The suit lists the following 17 defendants: Louis Farrakhan, the Nation of Islam, Al Sharpton, the National Action Network, Black Lives Matter, Rashad Turner, Opal Tometi, Patrisse Cullors, Alicia Garza, Johnetta Elzie, DeRay Mckesson, Malik Zulu Shabazz, the New Black Panther Party, George Soros, Barack Obama, Eric Holder and Hillary Clinton.

It seeks damages in excess of $500 million.

The suit is unlikely to be taken too seriously by a judge. Among other things, Pennie does not show some specific harm he has suffered, a requirement for federal lawsuits. And then there’s the matter of the First Amendment and the president’s immunity from suits.

In a statement about the suit, Klayman said, “Sergeant Pennie and I feel duty-bound to put ourselves forward to seek an end to the incitement of violence against law enforcement which has already resulted in the death of five police officers in Dallas and the wounding of seven more, just in Texas alone. … While the case was filed in Texas, it will create precedent around the nation that law enforcement, which ironically protects the very persons who are alleged to have incited this violence, should be respected.”

Added Klayman, “The defendants, if not legally reined in, are allegedly responsible, along with others, for igniting a race war that will ultimately totally destroy the freedoms that our Founding Fathers bequeathed to us.”

Thus far, the social media reaction to the lawsuit has been supportive, if not saturated with racism.

On Twitter, Pennie was called a “new hero.” Others claim to “stand with” him and that he “has it right.”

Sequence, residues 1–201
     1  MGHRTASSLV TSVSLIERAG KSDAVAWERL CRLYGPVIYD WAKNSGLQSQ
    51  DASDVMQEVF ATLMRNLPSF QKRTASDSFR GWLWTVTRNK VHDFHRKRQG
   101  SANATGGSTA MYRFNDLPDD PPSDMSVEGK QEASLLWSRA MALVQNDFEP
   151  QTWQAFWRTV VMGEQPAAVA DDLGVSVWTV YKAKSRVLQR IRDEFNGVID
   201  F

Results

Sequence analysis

https://twitter.com/The_Emperor17/status/777616280094466048

Others, though not nearly as many, reacted negatively to the lawsuit.

https://twitter.com/MrTayLamar/status/777664836725530624

In response, the Dallas Morning News published an op-ed Tuesday from editorial board member Leona Allen headlined “DPD sergeant’s suit against Black Lives Matter does more harm than good.”

Allen called the lawsuit “disappointing news” and stated “It is Pennie who is showing that he doesn’t understand the issues that have led to racial tensions in these communities.”

“What happened to trying to work together to address the underlying reasons for this strife?” Allen asked.

She wrote:

Let me say again, it is possible to condemn the killings of our police officers and have great concern for the killings of black residents at the hands of police.

Certainly, not everyone in the Black Lives Matter movement is about doing the right thing for the right reasons. Just as not all officers can be counted on to act appropriately in all situations.

Pennie is wrong to paint all Black Lives Matter leaders with the same tainted broad brush that he’s accusing them of using in their actions against all officers.

… Here’s hoping a judge dismisses it quickly.

On Facebook, Pennie posted about the lawsuit, though he clarified that “this letter is not intended for media dissemination.”

In the note, he stated that he “acted individually,” not on behalf of the Dallas Police Department.

He wrote:

We cannot allow people, especially those we call leaders, to be the very ones advocating and stoking violence against law enforcement professionals, or even acting passively as if nothing is wrong. … I understand the associated risks of what I am doing, but I am not afraid nor will I be intimidated by those who disagree with my position. I am willing and ready to fight for what I believe in, plain and simple!

Here is the full note: